Having taken up triathlons after college, I’ve enjoyed having three sports to perfect! Swimming, biking and running make up the majority of my weekly workouts, but I still get in strength/core training at least 3x a week, and also always make time for other activities such as hiking, beach runs, cross country skiing and even horseback riding. I am definitely one who likes to move and stay active every day, and having a range of options to choose from allows me to do this, without getting burnt out or injured. Not only do I have variety in my weekly workouts, but I always make sure each workout itself is never the same. This means changing the intensity, interval time and distances for my swims, bikes and runs, as well as repetitions, load, speed and range of motion for strength training. Each workout has its purpose. Days following a hard interval run, may include an easy long distance swim to loosen up the muscles and get in the long, steady state endurance that I need for open water swims. Performing the same workout day to day, or trying to workout at the same intensity every day, will get you nowhere if you are serious about your performance.  One big mistake I see people make is trying to workout at same intensity every day, or try to run the same 5 mile run 5x a week. It may feel great when you first do these workouts, but is not sustainable over consecutive days without rest or other forms of cross training. You may be able to go out and do that same 5 mile run, at the same pace you always do, but over time, it won’t give you the same benefit as it did the first time because you have gotten used to it. I am not saying everyone needs to do what I do, but even if you are a runner, choose one other mode of training such as spinning or water running, and always incorporate proper strength and core exercises to keep your muscles balanced. Most importantly, make time for activities that are not structured workouts, such as a hike with friends, rock climbing, paddle boarding or even a game of tennis!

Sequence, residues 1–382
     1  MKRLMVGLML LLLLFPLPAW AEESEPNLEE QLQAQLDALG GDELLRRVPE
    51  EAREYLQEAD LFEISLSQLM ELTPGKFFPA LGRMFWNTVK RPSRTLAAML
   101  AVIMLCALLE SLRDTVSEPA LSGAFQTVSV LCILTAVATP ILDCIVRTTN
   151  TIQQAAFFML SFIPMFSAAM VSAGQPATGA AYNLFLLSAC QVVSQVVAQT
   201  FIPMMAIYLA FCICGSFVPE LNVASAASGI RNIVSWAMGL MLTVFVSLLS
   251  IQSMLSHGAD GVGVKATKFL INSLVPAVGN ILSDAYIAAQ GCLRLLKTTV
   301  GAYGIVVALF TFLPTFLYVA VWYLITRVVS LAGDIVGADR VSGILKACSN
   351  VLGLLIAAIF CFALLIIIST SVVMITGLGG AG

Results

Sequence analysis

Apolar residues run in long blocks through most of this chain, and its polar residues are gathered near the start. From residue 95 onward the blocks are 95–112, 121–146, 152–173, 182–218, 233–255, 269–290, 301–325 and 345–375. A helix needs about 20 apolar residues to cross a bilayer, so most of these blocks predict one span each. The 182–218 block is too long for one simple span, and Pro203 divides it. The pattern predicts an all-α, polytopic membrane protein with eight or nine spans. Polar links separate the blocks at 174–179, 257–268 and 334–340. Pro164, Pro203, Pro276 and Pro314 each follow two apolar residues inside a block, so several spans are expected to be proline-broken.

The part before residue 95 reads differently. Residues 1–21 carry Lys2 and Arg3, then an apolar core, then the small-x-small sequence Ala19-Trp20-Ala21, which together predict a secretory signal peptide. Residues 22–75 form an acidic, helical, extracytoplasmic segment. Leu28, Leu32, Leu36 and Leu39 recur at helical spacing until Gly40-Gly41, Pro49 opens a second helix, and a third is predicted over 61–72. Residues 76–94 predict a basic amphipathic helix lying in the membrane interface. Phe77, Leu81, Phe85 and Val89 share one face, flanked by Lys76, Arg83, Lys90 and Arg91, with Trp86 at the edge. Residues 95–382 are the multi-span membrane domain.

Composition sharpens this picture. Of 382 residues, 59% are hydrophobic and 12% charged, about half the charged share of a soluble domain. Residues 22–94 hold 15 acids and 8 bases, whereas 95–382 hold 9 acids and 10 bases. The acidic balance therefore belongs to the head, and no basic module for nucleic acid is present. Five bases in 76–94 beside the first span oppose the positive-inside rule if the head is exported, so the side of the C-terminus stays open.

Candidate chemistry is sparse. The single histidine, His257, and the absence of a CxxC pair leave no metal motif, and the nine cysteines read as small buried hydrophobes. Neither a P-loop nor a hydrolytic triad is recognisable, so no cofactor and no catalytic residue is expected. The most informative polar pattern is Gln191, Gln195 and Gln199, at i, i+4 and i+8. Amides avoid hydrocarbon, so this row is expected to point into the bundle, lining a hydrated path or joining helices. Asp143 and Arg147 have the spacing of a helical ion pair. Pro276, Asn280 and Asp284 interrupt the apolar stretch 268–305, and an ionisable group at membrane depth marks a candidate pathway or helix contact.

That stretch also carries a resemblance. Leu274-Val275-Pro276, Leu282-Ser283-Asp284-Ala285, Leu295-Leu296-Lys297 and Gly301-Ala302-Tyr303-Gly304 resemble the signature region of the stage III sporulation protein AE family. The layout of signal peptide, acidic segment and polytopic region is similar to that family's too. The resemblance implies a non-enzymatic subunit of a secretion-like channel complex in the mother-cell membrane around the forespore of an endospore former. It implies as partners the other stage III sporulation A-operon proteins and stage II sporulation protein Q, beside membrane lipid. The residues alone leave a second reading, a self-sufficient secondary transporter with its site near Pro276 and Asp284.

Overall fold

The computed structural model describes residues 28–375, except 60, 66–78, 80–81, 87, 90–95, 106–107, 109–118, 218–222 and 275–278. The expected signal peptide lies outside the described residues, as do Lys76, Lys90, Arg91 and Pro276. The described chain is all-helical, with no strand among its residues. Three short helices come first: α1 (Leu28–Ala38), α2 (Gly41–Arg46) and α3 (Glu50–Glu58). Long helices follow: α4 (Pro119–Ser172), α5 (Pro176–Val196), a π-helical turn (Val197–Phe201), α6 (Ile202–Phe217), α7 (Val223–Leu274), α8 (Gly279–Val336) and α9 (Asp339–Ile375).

Same goes for nutrition. Its importance to get a variety of nutrients into your body, especially if you are working out. This doesn’t mean cycling through eating packaged junk food AND healthy fruits and vegetables! If you know me, I am not an advocate of those inner grocery store aisles. I advise anyone to eat a healthy diet of fruits, vegetables (including starchy vegetables), lean meats and dairy, whole grains and good fats. No macronutrient is off limits here in my mind unless there is a need to eliminate gluten, dairy or eggs for allergen reasons. Everyone needs carbohydrates, protein and fats…so eliminating a main group such as carbohydrates or fats is not necessary for even the most weight conscious. Fruit and vegetables are carbohydrates people! And if you are an athlete or one who is looking to perform well, you need that prime energy source to train. Fats are needed in order for nutrients to be absorbed properly and for our organs (brain most importantly) to function. A lot of people stay on track by eating the same foods day in and day out, which is fine, but it’s important to cycle through new foods to get different nutrients you need. This may be as simple as eating a different protein source every other day, adding in a new fruit or vegetable weekly, and getting a range of different fats such as using coconut oil instead of olive oil, avocado in your salad or different nuts in your yogurt. Keep in mind that everyone’s body reacts differently to exercise and foods they eat, so what works for your friend may not work for you. Experiment with different ways of training and fueling, and keep variety in mind!